4. Profitable companies. There are a number of well-known companies that are based in Africa, including South African Breweries (a subsidiary of SABMiller) and telecom company MTN. Africa’s total stock market capitalization now exceeds $1 trillion. A recent study by two economists, Paul Collier and Jean-Louis Warnholz, found that from 2002 to 2007, the average annual return on capital of African companies was 65 percent to 70 percent higher than that of comparable companies in China, India, Indonesia, and Vietnam. That means the African companies were more profitable.
5. Demand for commodities. “It’s mainly driven by [the] BRICs,” Seruma says. “As they industrialize, they’re going to be demanding more and more of these commodities.” For instance, 10 percent of the world’s oil reserves and 40 percent of the world’s proven gold reserves are found in Africa, according to Seruma.
6. Increasingly less violent. According to Freedom House, 63 percent of Africa’s population now lives in countries designated “free or partially free.” Compare that with Asia, which has a score of 66 percent. Seruma says most African countries now have functioning democracies. “It’s a very different picture from what it was 20 years ago, and that has increased investment,” he says.
8. Infrastructure spending. Countries are no longer coming to Africa solely to extract resources. They’re beginning to stay and help make important infrastructure improvements in the continent, Seruma says. “The old story of investment in Africa was ‘let us get the natural resources out of the ground and immediately ship it out,'” Seruma says. “Now it’s changing. Not only do they go to Africa and make an investment in Africa, but they’re also making the additional development projects.” For instance, diamond giant De Beers recently signed a deal to mine diamonds in Botswana, including a commitment to build a diamond sorting facility.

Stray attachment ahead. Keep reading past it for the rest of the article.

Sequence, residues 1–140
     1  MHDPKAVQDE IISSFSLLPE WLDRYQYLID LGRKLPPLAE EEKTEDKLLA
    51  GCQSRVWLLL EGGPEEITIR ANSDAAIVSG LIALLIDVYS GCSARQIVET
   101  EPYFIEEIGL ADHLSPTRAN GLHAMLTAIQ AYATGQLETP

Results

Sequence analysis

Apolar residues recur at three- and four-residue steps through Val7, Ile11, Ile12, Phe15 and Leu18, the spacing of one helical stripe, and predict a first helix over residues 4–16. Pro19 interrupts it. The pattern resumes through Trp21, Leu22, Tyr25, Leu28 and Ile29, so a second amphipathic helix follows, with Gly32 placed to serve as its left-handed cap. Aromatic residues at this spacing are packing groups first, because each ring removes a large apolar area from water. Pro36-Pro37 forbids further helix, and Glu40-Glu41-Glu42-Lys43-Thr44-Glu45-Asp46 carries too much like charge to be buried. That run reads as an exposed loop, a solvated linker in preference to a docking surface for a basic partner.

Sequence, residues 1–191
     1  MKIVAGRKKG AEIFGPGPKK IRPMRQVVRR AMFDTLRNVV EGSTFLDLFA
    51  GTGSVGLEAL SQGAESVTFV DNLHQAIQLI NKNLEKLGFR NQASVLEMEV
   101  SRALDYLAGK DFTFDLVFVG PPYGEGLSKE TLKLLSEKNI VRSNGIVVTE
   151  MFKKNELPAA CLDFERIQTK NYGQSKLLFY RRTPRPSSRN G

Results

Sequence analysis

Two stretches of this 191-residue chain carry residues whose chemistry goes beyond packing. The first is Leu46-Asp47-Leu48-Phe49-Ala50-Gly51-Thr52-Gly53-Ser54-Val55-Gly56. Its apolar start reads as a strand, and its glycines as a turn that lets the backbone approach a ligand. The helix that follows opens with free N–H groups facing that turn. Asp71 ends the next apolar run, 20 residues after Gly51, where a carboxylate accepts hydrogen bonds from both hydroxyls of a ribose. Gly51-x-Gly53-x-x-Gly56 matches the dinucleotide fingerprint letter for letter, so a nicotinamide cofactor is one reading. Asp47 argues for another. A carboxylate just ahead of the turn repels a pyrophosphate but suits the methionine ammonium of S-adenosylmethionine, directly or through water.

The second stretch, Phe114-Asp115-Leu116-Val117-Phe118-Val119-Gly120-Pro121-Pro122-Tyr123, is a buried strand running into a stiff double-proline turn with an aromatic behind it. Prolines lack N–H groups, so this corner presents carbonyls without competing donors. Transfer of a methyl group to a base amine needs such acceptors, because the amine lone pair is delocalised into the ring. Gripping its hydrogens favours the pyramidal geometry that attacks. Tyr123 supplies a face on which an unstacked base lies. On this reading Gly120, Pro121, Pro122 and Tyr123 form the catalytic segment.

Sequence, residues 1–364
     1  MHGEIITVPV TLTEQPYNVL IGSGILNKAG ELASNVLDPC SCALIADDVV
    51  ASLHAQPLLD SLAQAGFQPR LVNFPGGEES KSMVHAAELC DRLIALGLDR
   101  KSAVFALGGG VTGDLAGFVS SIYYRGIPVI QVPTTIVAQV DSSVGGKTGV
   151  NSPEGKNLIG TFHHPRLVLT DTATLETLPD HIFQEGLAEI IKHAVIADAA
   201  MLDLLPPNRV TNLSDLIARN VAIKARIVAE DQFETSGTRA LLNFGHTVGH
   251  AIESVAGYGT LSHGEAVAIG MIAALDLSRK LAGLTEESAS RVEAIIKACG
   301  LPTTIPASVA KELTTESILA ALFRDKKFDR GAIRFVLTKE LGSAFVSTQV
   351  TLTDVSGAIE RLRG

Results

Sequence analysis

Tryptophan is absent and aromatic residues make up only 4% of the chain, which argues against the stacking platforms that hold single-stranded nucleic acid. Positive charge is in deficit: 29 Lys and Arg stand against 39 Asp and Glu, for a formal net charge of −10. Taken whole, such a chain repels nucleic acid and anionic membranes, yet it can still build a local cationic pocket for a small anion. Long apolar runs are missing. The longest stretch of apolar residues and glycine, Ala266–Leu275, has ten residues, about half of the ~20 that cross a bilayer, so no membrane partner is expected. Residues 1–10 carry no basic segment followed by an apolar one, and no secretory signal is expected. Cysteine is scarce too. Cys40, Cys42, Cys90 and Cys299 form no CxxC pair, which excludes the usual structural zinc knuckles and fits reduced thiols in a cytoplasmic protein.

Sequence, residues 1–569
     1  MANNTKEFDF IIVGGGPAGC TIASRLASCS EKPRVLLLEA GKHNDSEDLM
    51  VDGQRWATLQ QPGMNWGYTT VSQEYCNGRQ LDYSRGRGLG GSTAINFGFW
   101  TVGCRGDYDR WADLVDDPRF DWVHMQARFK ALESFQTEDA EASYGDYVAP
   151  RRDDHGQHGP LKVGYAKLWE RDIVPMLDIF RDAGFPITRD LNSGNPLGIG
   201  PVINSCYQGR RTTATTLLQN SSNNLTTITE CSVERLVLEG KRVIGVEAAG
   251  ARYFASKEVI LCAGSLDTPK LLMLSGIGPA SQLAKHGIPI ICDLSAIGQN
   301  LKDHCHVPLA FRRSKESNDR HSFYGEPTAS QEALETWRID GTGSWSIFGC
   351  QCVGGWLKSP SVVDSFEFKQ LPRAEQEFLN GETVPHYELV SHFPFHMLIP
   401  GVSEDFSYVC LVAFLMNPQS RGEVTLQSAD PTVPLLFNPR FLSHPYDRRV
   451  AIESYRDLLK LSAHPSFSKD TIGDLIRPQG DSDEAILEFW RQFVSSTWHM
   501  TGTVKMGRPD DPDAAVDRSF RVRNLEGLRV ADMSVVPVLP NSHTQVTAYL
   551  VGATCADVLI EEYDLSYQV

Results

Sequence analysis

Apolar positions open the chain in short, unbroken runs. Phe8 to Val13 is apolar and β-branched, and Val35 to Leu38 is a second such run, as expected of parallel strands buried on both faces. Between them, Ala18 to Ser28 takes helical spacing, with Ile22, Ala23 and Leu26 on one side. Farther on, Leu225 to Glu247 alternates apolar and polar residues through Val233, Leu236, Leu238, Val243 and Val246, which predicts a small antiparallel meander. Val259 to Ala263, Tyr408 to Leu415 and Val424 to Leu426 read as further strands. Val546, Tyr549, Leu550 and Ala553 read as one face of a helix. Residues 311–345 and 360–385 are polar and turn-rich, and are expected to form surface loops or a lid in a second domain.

9. Low debt. Concerns about sovereign debt—the debt that governments owe—has made headlines in Europe. Countries like Greece, Portugal, and most recently, Ireland have seen their debt downgraded by ratings agencies like Standard & Poor’s. The United States also faces a huge budget deficit. Seruma says he believes that the United States will see five or six more years of low interest rates, which will lead many investors to look to different regions of the world for higher yield. “The capital being pushed out of the developed markets is going to benefit Africa,” he says. “We believe this time around, there is some sustainability in terms of capital flows.” Many African countries don’t have the same worries. Seruma cites Nigeria, which has a debt-to-GDP ratio of only 18 percent, compared with countries like Greece and Japan whose debt-to-GDP ratio is more than 100 percent.
10. Growing investment from abroad. Seruma also cites a United Nations Conference on Trade and Development report, which shows that capital flows to Africa are higher than three of the four BRIC countries. Africa is ahead of Brazil, India, and Russia. It’s second only to China.
11. Attractive valuations. Seruma believes that many African countries are currently trading at attractive valuations. He says the average price-to-earnings ratio for African companies is about 8 to 9 percent compared with the S&P 500, which has an average P/E ratio of about 15 or 16 percent. “There’s a huge valuation differential that is not explained by the risk,” he says.
12. Young demographics. Compared with other regions of the world, Africa has a much younger median age, which means African governments aren’t as burdened by elderly populations and pension plans. It also means that Africa has a young, vibrant workforce, Seruma says. Africa’s most populous nation is Nigeria, which Seruma accounts for about a quarter of Africa’s total population. Nigeria’s median age is 19 years old. Compare that with 37 in the United States, 40 in the U.K., and 45 in Japan.